Saturday, November 04, 2006

Motherhood as a traditional belief?

There's an article in this month's Melbourne Child in support of the "two gay fathers" model of family life. I was going to ignore the whole thing until I read the following lines:

One of the most deeply held traditional beliefs concerning families is that they must contain a mother. This belief is the source of much prejudice toward gay fathers.

Might I suggest to the author of the piece, Kylie Ladd, that it is not just a traditional belief that families must contain a mother, but a universal tradition that families do so and that this might have something to do with the most basic biological reality that it is a mother who brings a child into the world.

It is therefore difficult for families not to have a mother and the only way the gay couples featured in the article were able to do so was via IVF, a donor's eggs and a surrogate.

Much of the rest of the article is an argument along the lines of "it doesn't matter who raises a child as long as the child has a loving home".

Perhaps many people will want to believe this, but I hope that they are aware of the logical consequences of accepting such an idea.

First, it contributes to the instability of the heterosexual family. If we deny that children are generally better off being raised by their own biological mother and father, then there is less reason for biological parents to persevere with their marriages.

In other words, if the cultural message is that kids don't really need their biological father then mum is more likely to kick him out of the house (and he is less likely to hang around when the going gets tough).

Second, if all kids need is a loving household, then there's no need to think of families in terms of two stable carers; you could have all kinds of different arrangements, including three or even four parents, or combinations of adults who "swap" at different intervals, or institutional care.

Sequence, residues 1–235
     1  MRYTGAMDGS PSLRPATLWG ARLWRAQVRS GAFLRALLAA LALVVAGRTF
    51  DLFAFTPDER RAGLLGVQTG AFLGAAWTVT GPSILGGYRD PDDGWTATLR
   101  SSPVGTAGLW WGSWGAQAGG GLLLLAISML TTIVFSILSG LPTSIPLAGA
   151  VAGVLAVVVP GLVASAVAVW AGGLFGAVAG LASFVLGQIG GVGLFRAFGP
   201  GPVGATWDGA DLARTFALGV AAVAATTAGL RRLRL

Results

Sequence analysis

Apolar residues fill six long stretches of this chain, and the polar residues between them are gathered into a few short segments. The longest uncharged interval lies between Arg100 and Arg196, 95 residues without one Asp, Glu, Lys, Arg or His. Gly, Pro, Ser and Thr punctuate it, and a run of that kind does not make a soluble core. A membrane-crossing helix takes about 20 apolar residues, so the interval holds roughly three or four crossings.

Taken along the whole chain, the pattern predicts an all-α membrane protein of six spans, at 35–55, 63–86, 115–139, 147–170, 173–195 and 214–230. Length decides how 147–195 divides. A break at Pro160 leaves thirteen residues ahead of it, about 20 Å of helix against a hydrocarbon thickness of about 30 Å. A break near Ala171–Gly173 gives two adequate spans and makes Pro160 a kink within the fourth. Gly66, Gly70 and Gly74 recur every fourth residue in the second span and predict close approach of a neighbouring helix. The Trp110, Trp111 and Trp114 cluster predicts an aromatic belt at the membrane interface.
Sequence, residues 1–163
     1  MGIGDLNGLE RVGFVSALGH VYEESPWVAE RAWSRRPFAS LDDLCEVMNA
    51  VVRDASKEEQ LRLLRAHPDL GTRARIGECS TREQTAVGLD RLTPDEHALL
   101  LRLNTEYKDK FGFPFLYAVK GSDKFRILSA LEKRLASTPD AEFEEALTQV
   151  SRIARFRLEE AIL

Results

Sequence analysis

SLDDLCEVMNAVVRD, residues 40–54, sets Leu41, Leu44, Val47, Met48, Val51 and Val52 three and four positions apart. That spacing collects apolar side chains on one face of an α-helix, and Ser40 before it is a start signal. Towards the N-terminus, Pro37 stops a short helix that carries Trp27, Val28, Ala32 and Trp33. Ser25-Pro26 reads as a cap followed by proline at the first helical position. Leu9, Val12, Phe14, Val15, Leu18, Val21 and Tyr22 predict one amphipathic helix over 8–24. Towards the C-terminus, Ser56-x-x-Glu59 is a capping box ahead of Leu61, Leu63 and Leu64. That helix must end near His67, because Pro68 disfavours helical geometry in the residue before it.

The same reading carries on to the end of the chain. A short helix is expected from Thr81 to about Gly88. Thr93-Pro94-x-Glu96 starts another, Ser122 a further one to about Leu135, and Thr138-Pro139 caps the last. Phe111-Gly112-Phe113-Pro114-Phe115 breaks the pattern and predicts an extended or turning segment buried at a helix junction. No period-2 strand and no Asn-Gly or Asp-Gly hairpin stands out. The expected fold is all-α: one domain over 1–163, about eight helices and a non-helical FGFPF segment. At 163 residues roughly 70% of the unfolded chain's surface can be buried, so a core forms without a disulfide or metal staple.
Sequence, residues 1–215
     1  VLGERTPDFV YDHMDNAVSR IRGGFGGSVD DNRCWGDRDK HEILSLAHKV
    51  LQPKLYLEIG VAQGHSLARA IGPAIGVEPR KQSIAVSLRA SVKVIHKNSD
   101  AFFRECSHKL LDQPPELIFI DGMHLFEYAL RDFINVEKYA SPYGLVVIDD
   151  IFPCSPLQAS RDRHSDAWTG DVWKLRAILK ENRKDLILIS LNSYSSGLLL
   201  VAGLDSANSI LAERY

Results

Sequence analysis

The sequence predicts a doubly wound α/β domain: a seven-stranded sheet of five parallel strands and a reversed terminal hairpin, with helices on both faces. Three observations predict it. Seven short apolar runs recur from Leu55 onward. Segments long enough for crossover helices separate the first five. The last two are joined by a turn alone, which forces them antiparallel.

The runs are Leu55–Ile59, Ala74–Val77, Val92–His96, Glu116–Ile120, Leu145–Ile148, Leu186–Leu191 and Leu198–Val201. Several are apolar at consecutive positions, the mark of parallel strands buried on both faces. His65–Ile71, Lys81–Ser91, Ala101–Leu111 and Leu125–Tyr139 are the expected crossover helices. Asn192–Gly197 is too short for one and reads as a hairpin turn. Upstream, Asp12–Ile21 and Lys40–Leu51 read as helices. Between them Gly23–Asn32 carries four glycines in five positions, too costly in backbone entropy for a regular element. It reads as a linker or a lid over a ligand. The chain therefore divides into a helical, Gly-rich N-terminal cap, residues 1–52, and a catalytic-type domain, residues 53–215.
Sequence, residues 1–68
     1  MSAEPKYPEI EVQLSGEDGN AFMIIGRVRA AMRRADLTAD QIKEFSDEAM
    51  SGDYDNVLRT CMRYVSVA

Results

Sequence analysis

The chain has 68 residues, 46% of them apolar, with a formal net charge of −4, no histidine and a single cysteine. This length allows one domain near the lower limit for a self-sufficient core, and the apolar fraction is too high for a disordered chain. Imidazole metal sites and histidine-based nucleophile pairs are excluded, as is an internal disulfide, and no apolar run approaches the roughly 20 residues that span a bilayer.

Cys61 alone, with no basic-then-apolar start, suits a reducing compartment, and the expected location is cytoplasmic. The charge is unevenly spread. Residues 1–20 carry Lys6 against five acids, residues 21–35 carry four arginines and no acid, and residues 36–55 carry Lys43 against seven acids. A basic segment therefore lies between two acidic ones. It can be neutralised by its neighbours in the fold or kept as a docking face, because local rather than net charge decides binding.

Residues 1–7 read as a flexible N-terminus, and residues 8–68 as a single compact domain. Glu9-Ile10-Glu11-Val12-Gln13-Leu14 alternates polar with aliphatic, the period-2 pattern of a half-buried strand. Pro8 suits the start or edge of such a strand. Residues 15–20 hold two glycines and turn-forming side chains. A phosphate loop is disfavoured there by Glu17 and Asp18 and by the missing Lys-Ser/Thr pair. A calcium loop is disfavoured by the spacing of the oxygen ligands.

So even if gay parenting becomes increasingly common I think it's unwise for heterosexuals to accept the kind of justifications likely to be advanced for it.


  1. Mark, I did a lengthy post recently about a long series the LA Times ran on 2 gay men who used surrogacy and purchased eggs to make 2 babies, both of which died after premature birth. The article was cloying in the extreme when describing the relationship between the men, to the extent of saying how, at the hospital, the staff noticed they were more dedicated than most couples there.

    I am not even comfortable about surrogacy for heterosexual couples. But that 2 gay men would go through such a process (instead of just adopting, for example) strikes me as an obscene use of science that would have been clearly recognised as such only 40 years ago.

    But the love is what it is all about, the writer implies. No matter that such love meant using an inherently difficult and dangerous procedure with 2 dead babies at the end.

  2. Bobby,

    As a gay man I have to take issue with your statement that people choose the gay lifestyle. Some people may choose to be gay, but the overwhelming majority do not. Seriously, I get the impression that you think that we all choose to be gay because we want the endless dancing and circuit parties and what have you, but then some of us decide we want kids too and are just too lazy to turn back. I think the truth is that our homosexuality, like our desire to have children, are largely beyond our conscious control. And, unfortunately, they clash.

    Having said that, I do agree that being a parent means you put your children first. And I'm very uncomfortable with gay people choosing to raise children in single-sex parenting homes. Maybe it will all turn out ok for the child, but maybe not. And if not, it's an incredibly selfish thing to do.